Frequently Asked Questions (FAQs)

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FAQs about Flexible Spending Accounts (FSA)

Questions pertaining to cafeteria plans and flexible spending accounts (FSA)

Can I be reimbursed for a service that has been provided although I have not yet paid the bill?

The operative date for claim reimbursement is the service date, not the date the expense is paid. You may submit expenses billed to you before you remit payment, but you may only submit the expense once. You may not submit the expense again after it has been paid.

Can I change my election after the plan year starts?

You can only change your election if you have a qualifying change of status event. Qualifying events include:

  • A change in the participant’s legal married status
  • A change in the participant’s number of dependents

For more information, see IRS Account Rules.

Does it save me more money to use a dependent care FSA or to receive the dependent care credit on my tax return?

In general, the higher your adjusted gross income, the more likely it is that you will benefit more from participating in the dependent care FSA than from taking the tax credit. Note that the amount you elect to place in your dependent care account reduces your potential tax credit.

Does participating in a cafeteria plan reduce my Social Security benefits when I retire?

Yes. Generally speaking, however, the benefit of the tax savings now more than outweighs the reduction in Social Security benefit after you retire. Discuss your specific financial situation with a tax consultant.

How are orthodontic expenses reimbursed?

Orthodontic expenses are eligible to be reimbursed in the same way as any other medical expense. However, because such treatments generally cover an extended period of time, you have the option of scheduling monthly reimbursements rather than payment up front. In addition, if your current election does not cover the total expense of the treatment(s), it can be reimbursed over multiple plan years as long as the treatment dates occur during those years.

How do I benefit from participating in an FSA?

There at least two significant ways to benefit from an FSA. The first is by taking advantage of the tax savings. By reducing your gross income, you pay less in taxes, take home more pay and have the freedom to choose how your money is used or invested. The second benefit is the “cash flow” increase built into the medical FSA (not the dependent care FSA). This means that no matter how much money you have actually contributed to the plan at any given point, you can still be reimbursed up to your entire annual election. So a major medical expense at the beginning of the claim period can be reimbursed even though few, if any, deposits have been made into the account at that time. This applies to the medical FSA only.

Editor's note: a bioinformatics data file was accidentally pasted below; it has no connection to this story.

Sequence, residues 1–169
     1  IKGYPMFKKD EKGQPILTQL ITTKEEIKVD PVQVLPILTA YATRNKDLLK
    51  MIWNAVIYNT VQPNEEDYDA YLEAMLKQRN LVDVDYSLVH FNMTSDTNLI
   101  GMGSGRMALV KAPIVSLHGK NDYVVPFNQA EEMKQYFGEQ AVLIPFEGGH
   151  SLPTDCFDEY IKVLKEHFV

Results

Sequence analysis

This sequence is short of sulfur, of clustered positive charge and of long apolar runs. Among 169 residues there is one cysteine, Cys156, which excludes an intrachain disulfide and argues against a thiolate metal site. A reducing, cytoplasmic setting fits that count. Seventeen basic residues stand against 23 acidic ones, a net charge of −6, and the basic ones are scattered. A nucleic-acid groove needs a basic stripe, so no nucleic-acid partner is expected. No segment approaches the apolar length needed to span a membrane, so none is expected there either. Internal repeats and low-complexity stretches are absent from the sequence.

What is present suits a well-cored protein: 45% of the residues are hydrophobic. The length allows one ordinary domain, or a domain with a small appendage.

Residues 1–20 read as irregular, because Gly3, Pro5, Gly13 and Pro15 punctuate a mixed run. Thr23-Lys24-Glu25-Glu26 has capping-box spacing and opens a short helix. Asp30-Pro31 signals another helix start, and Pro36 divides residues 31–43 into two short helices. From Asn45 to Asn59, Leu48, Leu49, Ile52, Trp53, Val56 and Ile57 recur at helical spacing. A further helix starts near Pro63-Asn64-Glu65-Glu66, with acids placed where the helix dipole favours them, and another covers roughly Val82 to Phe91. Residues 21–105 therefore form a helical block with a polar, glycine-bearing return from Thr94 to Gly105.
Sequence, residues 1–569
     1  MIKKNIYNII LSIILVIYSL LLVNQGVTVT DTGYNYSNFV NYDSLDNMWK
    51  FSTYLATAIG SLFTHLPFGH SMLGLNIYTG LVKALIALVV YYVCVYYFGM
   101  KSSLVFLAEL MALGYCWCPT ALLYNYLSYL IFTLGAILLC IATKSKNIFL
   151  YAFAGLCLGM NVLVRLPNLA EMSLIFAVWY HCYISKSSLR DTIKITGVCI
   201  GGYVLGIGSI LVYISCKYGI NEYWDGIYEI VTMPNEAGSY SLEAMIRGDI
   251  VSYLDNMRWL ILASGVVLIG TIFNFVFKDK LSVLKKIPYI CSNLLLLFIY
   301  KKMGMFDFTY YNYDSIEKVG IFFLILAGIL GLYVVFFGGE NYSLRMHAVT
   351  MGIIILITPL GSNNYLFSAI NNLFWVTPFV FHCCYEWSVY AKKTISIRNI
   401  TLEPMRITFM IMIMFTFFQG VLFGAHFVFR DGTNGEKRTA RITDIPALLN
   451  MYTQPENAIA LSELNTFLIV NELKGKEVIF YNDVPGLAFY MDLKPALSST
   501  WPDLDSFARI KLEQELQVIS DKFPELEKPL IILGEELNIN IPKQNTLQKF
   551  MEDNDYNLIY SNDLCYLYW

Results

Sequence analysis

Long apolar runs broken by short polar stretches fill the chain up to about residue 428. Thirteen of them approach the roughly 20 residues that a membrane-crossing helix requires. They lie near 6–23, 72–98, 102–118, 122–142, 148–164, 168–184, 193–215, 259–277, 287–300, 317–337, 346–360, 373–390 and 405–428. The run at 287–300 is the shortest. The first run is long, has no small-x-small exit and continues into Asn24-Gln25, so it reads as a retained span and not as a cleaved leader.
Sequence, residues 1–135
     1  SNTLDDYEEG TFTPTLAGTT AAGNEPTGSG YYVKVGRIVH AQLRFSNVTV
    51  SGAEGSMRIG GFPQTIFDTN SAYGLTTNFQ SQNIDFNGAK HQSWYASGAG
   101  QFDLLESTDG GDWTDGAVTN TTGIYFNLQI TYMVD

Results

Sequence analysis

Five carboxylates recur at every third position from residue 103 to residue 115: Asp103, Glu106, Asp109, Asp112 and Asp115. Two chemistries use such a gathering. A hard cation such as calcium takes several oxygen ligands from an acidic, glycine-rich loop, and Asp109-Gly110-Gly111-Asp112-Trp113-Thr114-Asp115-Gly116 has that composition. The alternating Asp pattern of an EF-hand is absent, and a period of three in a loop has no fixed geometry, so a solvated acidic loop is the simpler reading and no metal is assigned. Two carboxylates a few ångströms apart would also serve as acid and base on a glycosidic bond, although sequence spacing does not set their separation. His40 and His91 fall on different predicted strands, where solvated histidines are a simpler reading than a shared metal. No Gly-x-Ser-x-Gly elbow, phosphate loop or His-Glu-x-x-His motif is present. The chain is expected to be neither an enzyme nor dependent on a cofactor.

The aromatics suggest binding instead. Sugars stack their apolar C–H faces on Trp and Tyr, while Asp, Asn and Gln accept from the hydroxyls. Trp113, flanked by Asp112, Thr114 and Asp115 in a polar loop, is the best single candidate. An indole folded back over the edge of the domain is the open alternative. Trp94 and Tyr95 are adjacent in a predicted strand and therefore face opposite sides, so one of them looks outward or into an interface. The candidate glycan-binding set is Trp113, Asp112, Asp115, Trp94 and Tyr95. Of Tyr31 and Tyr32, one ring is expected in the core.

How do I find out the balance of my medical and dependent care FSAs?

Each time you are reimbursed for a claim, myCafeteriaPlan will provide a “statement of account” with your reimbursement check to let you know the balance of your remaining funds. In between statements, you can check your balance online by visiting myCafeteriaPlan’s Account Login, or by contacting a myCafeteriaPlan representative.

How do I get reimbursed for my expenses?

Using a Claim Form, you may submit your claim and supporting documentation to myCafeteriaPlan by mail, fax or electronic submission. Please visit the Contact Us page for more information.

For more detail on preparing a claim for submission, visit the Claim Submission page.

How do I track my account(s) online?

To login to your account, go to the myCafeteriaPlan Account Login page. There you will be prompted to enter a Username and Password. Once you are logged in, you can change your Username and Password and change or edit your personal information. You can also check your account balance(s) and verify the status of any claims you submitted.

Please note: When updating your personal information it is important to provide your email address for the fastest and most efficient communication.

How does my net pay increase by participating in a cafeteria plan?

A Cafeteria Plan is a benefit provided by your employer which allows you to contribute a certain amount of your gross income to a designated account or accounts before taxes are calculated. These accounts are for insurance premiums and medical or dependent care expenses not covered by your insurance, from which you can be reimbursed throughout the plan year or claim period as you incur the expenses. A cafeteria plan allows you to reduce your gross income, thereby reducing the amount you pay in Federal, Social Security and some State taxes – a savings of between 25% and 40% of every dollar you contribute to the plan.